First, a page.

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Clinton ready to 'move on' after Benghazi report clears her of wrongdoing

A new report into the 2012 attacks on a US mission in Libya has found no new evidence of wrongdoing by then Secretary of State Hillary Clinton. But the Obama administration was criticized for its response to the assault.

The 800-page report, which took two years to produce, showed no sign of a smoking gun pointing at the former US Secretary of State and presumptive Democratic presidential nominee for her response to the attacks, US media reported Tuesday.

None of the new revelations highlighted by the US House of Representatives Benghazi committee pointed specifically to

Clinton's actions before during or after the 2012 attacks

on the US diplomatic mission and CIA annex in eastern Libya.

But US President Barack Obama's administration was criticized for lax security and a slow response to the attacks by Islamist militants, which killed four Americans including US Ambassador Chris Stevens. The US State Department was singled out for failing to protect the Americans working at the site.

Clinton, who served as Secretary of State from 2009 to 2013 and is now the presumptive Democratic presidential nominee, has previously been accused of a lack of response to investigations into the attacks.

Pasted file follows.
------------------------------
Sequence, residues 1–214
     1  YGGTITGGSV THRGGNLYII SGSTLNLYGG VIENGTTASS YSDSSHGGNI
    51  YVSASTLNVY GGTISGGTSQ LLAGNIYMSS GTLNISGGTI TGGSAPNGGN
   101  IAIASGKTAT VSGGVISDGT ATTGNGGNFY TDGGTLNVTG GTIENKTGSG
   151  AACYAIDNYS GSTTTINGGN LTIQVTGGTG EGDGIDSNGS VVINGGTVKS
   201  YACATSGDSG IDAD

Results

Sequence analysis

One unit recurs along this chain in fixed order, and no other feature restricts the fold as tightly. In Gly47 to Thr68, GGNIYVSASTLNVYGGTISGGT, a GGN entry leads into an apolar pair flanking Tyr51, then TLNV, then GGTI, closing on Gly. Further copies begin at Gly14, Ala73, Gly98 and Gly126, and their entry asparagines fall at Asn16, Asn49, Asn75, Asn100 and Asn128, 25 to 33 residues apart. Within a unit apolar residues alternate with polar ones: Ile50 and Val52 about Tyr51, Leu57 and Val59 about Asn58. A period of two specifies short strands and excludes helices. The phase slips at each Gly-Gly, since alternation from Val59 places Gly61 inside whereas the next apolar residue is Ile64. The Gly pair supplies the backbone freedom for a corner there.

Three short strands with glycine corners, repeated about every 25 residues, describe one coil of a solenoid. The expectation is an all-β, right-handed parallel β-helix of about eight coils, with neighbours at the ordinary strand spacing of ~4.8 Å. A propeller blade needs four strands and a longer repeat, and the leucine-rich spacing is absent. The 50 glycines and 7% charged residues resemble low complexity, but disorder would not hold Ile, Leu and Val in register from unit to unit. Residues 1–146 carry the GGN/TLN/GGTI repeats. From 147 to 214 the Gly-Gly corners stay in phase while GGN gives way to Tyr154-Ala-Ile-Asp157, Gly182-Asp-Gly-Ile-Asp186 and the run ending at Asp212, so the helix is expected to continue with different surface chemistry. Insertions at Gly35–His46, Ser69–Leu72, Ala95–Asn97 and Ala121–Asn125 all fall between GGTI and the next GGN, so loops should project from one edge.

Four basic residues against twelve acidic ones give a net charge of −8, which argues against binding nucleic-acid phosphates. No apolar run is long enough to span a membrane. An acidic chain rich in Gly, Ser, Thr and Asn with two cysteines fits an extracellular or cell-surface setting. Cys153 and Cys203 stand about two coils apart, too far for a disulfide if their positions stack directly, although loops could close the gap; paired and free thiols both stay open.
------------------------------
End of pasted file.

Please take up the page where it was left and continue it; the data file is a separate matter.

She testified in front of Congress last October.
US consulate in Benghazi

Armed men stormed the US consulate in Benghazi in 2012

Final inquiry?

US Democrats derided Tuesday's report as a political vendetta, pointing to seven other congressional panels that have investigated the attacks, which took place on the anniversary of the 9/11 attacks.

The latest investigation has been used by Republicans to attack Clinton's national-security credentials, and Donald Trump - the presumptive Republican presidential nominee - has repeatedly charged that she is personally responsible for the deaths of the US personnel.

On Tuesday, Clinton's campaign dismissed the committee's report, saying it had not found anything that had not been discovered by previous congressional probes. Clinton, speaking in Denver, said it was crucial to "learn the right lessons" from the tragedy but added that it was "time to move on."

Republican Congressman Trey Gowdy, who chaired the select committee set up to probe the attack, released the report with a tribute to the four Americans who died: Ambassador Chris Stevens, State Department officer Sean Smith and CIA security contractors Glen Doherty and Tyrone Woods.

"Now, I simply ask the American people to read this report for themselves, look at the evidence we have collected, and reach their own conclusions," he said.

mm/jr (AP, AFP, Reuters)

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